Probation Officer’s Risk Assessment Level for a Convict (John Ripley)
Due to the fact that he has never been convicted of a crime before, Mr. Ripley has a low risk of reoffending. He is a respected member of the community; thus, it is highly probable that he will make a positive difference. His age is taken into account while determining his level of low risk. Long et al. (2013) found that adults 35 and older who had never been convicted of a crime are less likely to commit one again. Mr. Ripley appears like a person who would not take the chance of committing another crime for fear of going to jail. He knows that going to jail would endanger his mother’s safety because she would be left without a caregiver. Additionally, according to Ly et al. (2018), because they have more empathic features than contact offenders, internet child pornography offenders like Mr. Ripley are less likely to transition to become hands-on offenders than contact offenders.
Conditions for probation.
First, without my consent, Mr. Ripley would not be permitted to use any internet-connected device—including a desktop computer, a laptop, a smartphone, etc. Such devices are not permitted in his home, workplace, or possession. When he visits my office for his routine check-in, I will give him a once-a-week opportunity to use the Internet under my supervision to check his e-mails. Inevitable situations like filing taxes would also let him use the computer. Internet censorship aims to prevent offenders from viewing child porn (Ly et al., 2018). Fortunately, he does not require the Internet for work because his position does not call for it.
Second, I would prohibit Mr. Ripley from interacting with kids unsupervised. It is a good thing he is childless because it means there will not be any kids living in the house he and his mother share. Restricting contact with children is essential because, according to Long et al. (2013), owning child pornographic material can eventually lead to someone becoming a contact offender. Due to the importance of being close to possible victims of sexual offenses, opportunity factors like volunteering, working with minors, or having children at home can promote sexual recidivism (Seto & Eke, 2015).
Thirdly, I would ensure Mr. Ripley receives the necessary psycho-sexual testing and treatment. Ly et al. (2018) claim that many internet child pornography offenders share the same psychological issues as contact offenders, even though most examinations and treatments are made for contact offenders. Without addressing these psychological issues, a criminal is more likely to commit new crimes or switch to contact criminal behavior. Internet child pornographers like Mr. Ripley can gain from the same type of evaluation and therapy provided to contact offenders. Intimacy deficits, lack of empathy, deviant sexual interests, self-regulation issues, criminality, and various co-morbid conditions like depression, anxiety, substance abuse, or post-traumatic stress disorder are addressed in treatment for offenders’ psychological needs and risk factors (Levenson, 2018).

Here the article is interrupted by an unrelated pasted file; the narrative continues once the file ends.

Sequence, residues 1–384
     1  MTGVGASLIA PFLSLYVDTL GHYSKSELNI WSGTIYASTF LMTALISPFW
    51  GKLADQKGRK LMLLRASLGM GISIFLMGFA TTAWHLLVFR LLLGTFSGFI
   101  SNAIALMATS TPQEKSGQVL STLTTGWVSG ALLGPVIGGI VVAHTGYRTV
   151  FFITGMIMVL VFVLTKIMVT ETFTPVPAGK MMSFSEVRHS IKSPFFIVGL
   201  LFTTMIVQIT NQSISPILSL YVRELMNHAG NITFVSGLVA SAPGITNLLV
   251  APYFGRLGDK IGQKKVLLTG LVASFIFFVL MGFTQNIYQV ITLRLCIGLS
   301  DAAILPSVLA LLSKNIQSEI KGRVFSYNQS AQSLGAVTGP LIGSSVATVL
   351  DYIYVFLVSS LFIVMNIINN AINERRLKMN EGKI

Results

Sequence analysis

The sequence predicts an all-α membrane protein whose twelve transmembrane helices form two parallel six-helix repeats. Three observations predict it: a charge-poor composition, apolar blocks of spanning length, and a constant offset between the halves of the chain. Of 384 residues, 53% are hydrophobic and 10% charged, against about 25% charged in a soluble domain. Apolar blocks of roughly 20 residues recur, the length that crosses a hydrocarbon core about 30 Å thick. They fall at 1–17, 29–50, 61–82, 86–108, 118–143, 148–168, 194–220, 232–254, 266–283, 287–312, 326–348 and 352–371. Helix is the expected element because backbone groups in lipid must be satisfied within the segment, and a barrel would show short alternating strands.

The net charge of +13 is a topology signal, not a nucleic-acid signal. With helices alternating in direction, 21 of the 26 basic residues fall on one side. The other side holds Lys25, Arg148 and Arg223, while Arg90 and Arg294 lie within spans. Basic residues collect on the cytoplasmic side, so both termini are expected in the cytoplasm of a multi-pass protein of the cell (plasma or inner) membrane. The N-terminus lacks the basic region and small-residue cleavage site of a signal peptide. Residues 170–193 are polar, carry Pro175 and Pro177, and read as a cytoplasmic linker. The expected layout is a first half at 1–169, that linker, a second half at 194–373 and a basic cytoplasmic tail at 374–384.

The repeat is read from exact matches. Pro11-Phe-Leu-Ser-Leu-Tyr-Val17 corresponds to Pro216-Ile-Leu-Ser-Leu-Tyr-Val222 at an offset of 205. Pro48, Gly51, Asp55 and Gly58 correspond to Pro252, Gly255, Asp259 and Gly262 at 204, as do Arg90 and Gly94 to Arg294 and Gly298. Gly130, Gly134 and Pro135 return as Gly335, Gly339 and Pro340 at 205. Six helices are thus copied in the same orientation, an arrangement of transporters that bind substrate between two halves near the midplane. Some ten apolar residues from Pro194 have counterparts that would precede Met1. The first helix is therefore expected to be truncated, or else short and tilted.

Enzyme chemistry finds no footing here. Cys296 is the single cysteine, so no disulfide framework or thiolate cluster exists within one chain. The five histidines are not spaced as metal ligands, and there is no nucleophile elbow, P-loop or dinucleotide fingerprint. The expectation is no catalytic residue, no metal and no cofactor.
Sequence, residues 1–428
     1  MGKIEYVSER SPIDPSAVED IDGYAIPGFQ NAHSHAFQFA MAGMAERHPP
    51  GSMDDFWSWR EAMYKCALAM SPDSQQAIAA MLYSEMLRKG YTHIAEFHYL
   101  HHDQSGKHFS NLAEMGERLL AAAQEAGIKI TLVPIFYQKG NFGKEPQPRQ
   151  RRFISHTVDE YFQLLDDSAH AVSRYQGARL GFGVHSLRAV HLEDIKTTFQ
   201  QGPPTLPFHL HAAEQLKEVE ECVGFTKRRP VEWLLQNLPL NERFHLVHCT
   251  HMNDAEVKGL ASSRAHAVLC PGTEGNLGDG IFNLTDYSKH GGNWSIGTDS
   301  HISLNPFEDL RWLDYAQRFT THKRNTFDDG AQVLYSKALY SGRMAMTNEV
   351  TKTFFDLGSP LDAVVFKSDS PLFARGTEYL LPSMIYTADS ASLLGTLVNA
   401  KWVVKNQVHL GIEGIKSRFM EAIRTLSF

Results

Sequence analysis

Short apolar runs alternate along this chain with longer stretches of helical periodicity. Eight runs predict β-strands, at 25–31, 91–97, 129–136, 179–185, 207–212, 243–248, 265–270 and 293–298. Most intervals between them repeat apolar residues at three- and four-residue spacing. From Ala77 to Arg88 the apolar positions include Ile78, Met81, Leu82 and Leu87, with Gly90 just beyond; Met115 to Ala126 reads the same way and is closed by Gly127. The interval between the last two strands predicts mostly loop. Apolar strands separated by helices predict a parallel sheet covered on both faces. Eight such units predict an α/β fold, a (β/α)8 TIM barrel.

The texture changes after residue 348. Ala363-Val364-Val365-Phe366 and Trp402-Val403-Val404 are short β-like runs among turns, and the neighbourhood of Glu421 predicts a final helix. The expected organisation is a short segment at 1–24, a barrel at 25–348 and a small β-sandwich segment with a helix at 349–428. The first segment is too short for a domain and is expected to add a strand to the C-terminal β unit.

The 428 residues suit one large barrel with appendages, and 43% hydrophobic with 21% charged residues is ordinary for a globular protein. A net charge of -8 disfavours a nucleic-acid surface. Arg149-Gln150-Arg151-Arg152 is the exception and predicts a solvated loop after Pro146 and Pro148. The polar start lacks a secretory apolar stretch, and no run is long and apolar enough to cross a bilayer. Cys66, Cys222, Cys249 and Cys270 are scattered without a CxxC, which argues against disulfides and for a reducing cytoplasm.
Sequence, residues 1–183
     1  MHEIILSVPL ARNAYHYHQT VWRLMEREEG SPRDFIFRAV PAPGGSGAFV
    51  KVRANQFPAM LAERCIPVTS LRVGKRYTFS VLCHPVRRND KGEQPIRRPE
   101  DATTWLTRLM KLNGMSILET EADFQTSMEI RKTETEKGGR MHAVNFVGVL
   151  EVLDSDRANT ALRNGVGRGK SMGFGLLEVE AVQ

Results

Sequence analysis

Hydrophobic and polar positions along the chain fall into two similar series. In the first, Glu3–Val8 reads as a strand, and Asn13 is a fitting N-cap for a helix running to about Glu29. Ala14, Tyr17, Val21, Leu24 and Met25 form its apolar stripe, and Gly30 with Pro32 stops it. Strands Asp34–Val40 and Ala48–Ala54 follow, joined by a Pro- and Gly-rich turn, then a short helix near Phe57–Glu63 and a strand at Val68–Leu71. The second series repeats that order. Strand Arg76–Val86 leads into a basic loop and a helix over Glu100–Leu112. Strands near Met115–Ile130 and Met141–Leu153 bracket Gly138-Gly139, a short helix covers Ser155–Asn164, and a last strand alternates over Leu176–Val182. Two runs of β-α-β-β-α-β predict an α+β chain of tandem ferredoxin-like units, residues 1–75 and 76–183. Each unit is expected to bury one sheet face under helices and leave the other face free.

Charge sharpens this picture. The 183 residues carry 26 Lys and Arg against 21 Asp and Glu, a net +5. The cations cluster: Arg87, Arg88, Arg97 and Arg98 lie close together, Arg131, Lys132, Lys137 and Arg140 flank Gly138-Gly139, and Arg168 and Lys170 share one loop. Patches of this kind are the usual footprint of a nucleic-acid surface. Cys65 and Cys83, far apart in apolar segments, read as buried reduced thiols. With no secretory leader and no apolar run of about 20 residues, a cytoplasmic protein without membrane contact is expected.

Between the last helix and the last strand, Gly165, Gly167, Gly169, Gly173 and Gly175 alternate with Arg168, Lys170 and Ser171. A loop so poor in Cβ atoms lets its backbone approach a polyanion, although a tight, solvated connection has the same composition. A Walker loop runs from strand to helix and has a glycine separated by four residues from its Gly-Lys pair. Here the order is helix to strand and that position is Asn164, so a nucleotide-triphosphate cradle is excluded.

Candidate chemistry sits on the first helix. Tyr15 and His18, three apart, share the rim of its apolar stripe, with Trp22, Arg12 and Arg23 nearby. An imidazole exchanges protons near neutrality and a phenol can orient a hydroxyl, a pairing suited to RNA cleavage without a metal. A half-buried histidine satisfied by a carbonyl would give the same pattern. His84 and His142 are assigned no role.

Last but not least, I would say that Mr. Ripley’s name is entered on the national list of sexual offenders. He would be somewhat discouraged from committing crimes again because he knows what will happen if he is found. The sex offenders would assist society in identifying those who are likely to conduct additional sex-related offenses, enabling it to keep a close eye on them, particularly when they are among children (Levenson, 2018).
Levenson, J. S. (2018). Sex offender management policies and evidence-based recommendations for registry reform. Current Psychiatry Reports, 20(3), 21. https://doi- org.ezproxy2.apus.edu/10.1007/s11920-018-0884-0
Long, M. L., Alison, L. A., & McManus, M. A. (2013). Child pornography and the likelihood of contact abuse: A comparison between contact child sexual offenders and noncontact offenders. Sexual Abuse, 25(4), 370–395. https://doi.org/10.1177/1079063212464398
Ly, T., Dwyer, R. G., & Fedoroff, J. P. (2018). Characteristics and treatment of internet child pornography offenders. Behavioral Sciences & the Law, 36(2), 216–234. https://doi- org.ezproxy1.apus.edu/10.1002/bsl.2340
Seto, M. C., & Eke, A. W. (2015). Predicting recidivism among adult male child pornography offenders: Development of the child pornography offender risk tool (CPORT). Law and Human Behavior, 39(4), 416-429. doi: http://dx.doi.org/10.1037/lhb0000128
We’ll write everything from scratch
You are a Probation Officer who has just been assigned the case below. Consider all the information below before responding.
Name: John Ripley
Marital status: Divorced, no children
Education: GED diploma
Employment: Employed as a Plumber with his uncle, who owns a small plumbing business
Residence: Ripley will be living with his elderly mother, who resides in an apartment building.
Prior Convictions: None
Current Conviction: After a credible tip, investigators confiscated Ripley’s desk computer and found over 12 images of child pornography depicting nude pictures of children younger than 10 years old in an electronic folder labeled “vacation.”
Given that he had no prior convictions, his age, employment status, and ties to the community, including caring for his elderly mother, the judge imposed a 5-year probation sentence.
Based on the information that has been provided, what level of risk would you classify Ripley, and then explain why?
Based on the risk level you have assigned to Ripley, what specific probation conditions would you set for him, and explain why? Consider every detail that has been provided, and remember that you must support your response with a minimum of three scholarly research studies.
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